Use of eDNA to detect species at Waikato Peat Lakes
What was this project about?
Living Water wanted to determine if there are less invasive methods of detecting whether pest fish species were in the Peat Lakes. Traditionally, monitoring of pest fish species has required intensive trapping or electric fishing to detect incursions or identify the spread of species.
A new approach to detecting species using environmental DNA (eDNA) has been developing over the past 30 years. All organisms leave traces of DNA in their environment, through shedding cells such as hair, scales, skin and faeces. Consequently a sample of water, soil or sediment can be used to detect species present. Genetic material is extracted from the sample using PCR (polymerase chain reaction). It is a technique used to amplify a segment of DNA of interest to produce lots of copies, and DNA sequences are matched against a database of known sequences for species.
How was the project undertaken?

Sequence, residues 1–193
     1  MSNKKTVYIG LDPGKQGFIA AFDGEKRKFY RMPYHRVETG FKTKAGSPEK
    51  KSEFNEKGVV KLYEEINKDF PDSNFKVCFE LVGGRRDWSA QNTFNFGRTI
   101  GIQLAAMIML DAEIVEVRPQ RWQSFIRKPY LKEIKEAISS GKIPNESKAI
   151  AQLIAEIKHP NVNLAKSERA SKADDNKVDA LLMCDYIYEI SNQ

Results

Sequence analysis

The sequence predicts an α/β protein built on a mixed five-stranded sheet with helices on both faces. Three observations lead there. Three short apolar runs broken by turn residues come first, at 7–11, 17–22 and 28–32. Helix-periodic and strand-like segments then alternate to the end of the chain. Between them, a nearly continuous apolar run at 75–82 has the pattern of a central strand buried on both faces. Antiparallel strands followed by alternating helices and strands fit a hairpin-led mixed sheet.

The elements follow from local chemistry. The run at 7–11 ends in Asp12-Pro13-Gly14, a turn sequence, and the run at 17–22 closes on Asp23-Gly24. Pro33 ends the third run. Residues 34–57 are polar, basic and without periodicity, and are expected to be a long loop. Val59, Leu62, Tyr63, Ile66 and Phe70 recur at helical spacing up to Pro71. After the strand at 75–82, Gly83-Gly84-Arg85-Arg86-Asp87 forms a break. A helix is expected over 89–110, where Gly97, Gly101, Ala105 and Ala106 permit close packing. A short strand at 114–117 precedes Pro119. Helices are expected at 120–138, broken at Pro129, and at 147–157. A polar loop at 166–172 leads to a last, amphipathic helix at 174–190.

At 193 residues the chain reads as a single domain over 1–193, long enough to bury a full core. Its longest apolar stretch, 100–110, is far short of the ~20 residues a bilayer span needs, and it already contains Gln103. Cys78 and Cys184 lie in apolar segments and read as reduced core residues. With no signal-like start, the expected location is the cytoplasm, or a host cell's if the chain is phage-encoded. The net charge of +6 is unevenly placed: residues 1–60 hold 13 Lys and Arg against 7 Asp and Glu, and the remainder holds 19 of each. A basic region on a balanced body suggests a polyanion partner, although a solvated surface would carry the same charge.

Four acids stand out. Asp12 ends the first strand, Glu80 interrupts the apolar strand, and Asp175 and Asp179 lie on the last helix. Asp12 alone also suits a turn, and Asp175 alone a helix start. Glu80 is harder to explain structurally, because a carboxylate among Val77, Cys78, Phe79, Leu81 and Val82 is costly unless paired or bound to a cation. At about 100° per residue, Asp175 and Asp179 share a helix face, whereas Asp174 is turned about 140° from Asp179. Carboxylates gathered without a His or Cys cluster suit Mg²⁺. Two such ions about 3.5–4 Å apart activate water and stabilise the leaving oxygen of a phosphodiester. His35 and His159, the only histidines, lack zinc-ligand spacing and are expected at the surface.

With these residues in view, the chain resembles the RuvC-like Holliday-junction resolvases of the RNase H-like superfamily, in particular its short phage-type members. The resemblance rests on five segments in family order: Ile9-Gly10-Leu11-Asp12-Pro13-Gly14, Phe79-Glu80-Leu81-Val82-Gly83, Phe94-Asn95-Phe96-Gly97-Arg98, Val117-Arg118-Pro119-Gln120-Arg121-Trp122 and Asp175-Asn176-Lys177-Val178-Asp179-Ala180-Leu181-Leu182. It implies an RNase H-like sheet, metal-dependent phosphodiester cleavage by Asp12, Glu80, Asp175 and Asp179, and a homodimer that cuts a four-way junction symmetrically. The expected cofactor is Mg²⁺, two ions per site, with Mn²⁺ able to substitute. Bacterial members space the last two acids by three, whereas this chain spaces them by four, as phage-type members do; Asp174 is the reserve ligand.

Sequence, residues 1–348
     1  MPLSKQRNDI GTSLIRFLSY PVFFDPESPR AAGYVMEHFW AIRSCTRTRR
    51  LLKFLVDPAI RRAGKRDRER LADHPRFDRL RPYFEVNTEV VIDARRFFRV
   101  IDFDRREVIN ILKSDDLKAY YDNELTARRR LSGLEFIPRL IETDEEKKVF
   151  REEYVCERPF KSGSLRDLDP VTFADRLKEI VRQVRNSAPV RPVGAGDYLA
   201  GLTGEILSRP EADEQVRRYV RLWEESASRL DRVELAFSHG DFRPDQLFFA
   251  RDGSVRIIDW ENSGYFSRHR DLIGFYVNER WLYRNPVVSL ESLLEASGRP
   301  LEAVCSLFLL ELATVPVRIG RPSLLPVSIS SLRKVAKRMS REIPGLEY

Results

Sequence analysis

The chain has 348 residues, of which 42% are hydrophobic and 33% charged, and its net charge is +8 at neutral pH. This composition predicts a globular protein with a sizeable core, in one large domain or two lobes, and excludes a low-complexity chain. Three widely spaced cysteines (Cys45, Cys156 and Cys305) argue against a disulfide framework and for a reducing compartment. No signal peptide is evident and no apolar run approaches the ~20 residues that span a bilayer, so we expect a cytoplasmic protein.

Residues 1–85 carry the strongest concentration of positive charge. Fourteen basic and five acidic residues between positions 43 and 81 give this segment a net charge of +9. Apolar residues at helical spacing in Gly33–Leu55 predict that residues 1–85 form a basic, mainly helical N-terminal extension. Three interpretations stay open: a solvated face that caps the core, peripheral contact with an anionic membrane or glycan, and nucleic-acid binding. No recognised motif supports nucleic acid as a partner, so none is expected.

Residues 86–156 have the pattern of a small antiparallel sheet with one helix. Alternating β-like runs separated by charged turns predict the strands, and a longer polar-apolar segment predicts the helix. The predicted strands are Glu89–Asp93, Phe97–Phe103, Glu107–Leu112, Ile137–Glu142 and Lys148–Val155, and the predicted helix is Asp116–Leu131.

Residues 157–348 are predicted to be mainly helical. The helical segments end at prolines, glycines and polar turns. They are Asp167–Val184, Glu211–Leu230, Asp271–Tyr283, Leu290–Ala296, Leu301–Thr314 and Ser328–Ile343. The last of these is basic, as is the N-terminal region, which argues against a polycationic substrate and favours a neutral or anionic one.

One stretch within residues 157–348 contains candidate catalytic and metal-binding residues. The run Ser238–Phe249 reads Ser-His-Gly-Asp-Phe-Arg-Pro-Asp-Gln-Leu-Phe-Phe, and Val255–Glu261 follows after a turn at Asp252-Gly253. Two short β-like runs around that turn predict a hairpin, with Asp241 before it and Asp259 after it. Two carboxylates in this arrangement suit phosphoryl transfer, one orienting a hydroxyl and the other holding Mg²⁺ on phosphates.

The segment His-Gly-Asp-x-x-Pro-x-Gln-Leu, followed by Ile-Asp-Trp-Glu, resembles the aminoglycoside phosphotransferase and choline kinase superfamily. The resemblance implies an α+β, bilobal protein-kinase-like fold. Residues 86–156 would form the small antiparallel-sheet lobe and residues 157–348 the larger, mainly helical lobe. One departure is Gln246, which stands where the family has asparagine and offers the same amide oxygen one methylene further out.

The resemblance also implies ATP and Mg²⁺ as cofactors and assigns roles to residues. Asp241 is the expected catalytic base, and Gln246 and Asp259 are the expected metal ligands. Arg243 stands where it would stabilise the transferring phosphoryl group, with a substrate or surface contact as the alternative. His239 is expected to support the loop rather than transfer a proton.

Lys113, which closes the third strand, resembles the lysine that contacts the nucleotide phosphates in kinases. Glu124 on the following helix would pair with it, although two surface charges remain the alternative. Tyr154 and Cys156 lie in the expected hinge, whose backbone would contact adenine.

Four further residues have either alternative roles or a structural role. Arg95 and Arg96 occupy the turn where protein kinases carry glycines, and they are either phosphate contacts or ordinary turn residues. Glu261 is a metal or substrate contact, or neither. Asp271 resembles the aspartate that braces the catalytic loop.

Living Water used eDNA testing to identify whether Koi carp (Cyprinus carpio) were present at Lake Ruatuna alongside conventional pest fish surveys run in 2015, 2018 and 2019.
What has the project achieved?
Two of six initial samples collected in 2018 indicated the presence of Koi carp. However, further intensive eDNA sampling in early and late 2019 and repeat pest fish netting suggested no Koi were present. The initial positive indication could mean Koi were present in low abundance or at locations not targeted in further sampling, or contamination, false positives or false negatives.
Living Water’s eDNA investigations at Lake Ruatuna have contributed to further DOC work into the use of eDNA to detect species.
Where is more information available?
Wilderlab environmental monitoring website who do eDNA testing